Six years after it had launched its private equity (PE) business in India, the DE Shaw group, one of the world's largest hedge funds, is scaling down its India operations.
The PE’s India managing director, Anil Chawla, who had been overseeing its operations in the country, has resigned. He would now be working as a consultant with the firm, shifting his base to Hong Kong.
A DE Shaw spokesperson confirmed: “Anil is no longer an employee of the DE Shaw group, but he will continue as a consultant. He will remain a director of our private equity subsidiary that invests in Indian companies.”
Chawla was not reachable for comments.
It is understood that Gurgaon-headquartered DE Shaw India has pruned the number of its investment professionals from 15 to only two, who will now operate out of a business centre and oversee the exit of its remaining portfolio. Sources say it has also decided not to make any fresh PE investment in the country.
When contacted, a spokesperson for DE Shaw in the US said: “We are still invested in private equity in India. While our business is smaller than earlier and we have fewer people, that is a reflection of the changed investment climate, not our long-term interest in investing in India.”
DE Shaw has invested in India from its global pool. It had, at its peak, made investments of $2 billion in the country. However, in the past few years, it has exited many of its key investments and currently has a portfolio exposure of around $400-$500 million, which it will look at exiting.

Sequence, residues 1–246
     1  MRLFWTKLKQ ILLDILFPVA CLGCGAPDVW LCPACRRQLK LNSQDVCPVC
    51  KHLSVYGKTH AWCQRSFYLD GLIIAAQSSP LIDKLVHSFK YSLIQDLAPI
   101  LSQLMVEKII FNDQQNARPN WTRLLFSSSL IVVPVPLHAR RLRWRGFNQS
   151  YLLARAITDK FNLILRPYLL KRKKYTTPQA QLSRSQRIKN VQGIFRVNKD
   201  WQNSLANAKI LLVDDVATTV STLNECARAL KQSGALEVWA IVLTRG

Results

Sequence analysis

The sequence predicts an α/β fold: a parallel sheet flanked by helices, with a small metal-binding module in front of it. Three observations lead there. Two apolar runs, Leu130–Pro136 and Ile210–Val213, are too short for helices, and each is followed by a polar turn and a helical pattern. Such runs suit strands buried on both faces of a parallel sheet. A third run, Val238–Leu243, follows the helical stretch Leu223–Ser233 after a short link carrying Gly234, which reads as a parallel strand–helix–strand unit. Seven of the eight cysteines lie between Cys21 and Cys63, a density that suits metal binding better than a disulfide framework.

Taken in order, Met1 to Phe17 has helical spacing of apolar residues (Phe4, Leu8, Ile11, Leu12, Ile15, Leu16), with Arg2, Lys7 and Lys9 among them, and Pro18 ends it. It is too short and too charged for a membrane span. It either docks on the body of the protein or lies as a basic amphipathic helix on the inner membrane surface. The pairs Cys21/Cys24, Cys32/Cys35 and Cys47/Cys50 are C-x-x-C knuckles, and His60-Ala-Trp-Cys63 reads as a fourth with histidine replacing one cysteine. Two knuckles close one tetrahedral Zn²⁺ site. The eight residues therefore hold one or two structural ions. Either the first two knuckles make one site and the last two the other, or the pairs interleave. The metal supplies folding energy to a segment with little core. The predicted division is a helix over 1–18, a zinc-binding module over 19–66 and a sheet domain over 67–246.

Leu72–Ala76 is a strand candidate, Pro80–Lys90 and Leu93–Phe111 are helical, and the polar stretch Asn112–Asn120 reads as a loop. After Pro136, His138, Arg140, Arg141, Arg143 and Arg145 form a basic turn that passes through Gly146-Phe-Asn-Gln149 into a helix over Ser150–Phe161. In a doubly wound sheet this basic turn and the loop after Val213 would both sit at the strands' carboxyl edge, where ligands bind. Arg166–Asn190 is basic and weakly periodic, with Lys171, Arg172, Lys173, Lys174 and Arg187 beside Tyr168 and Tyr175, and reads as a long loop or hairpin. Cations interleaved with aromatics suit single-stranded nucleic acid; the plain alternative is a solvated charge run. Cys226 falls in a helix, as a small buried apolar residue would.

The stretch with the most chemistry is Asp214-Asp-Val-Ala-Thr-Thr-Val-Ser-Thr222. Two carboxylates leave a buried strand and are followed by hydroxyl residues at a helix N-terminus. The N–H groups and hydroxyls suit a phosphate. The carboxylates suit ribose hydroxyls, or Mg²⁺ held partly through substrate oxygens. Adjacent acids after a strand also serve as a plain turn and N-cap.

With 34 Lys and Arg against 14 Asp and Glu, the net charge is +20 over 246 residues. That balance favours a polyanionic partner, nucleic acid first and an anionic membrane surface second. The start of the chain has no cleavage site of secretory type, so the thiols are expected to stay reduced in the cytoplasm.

The company had entered into the country in 2006 by taking a 15 per cent stake in Crest Animation Studios for around Rs 40 crore.
It has invested in many key sectors, including education, renewable energy, real estate, publication, animation, broadcasting, outsourcing and security services.
Its sale of 36 per cent stake in DLF Assets Ltd (DAL) in 2009 for $500 million was its biggest deal. In one of the most profitable deals in the real estate space, especially when the sector was facing a downturn, DE Shaw sold its investment in DAL, owned by the K P Singh family, at a 40 per cent profit over the $400 million (Rs 1,866 crore) it had invested in late 2007.
With a strong concentration in the media space, DE Shaw also invested in Amar Ujala Publications Ltd, but got into a bitter legal battle with the promoters. It also exited Afcons Infrastructure and Gemini Industries, among others.
However, Chawla had, in an interview last year, talked about newer areas where the hedge fund would focus. These could be hospitals, renewable energy, agro processing industries and education, he had said.
DE Shaw also has a 50:50 joint venture with Reliance Industries Ltd, announced in March 2011. The new venture has earmarked various areas of business, including investment banking, asset management and stock broking.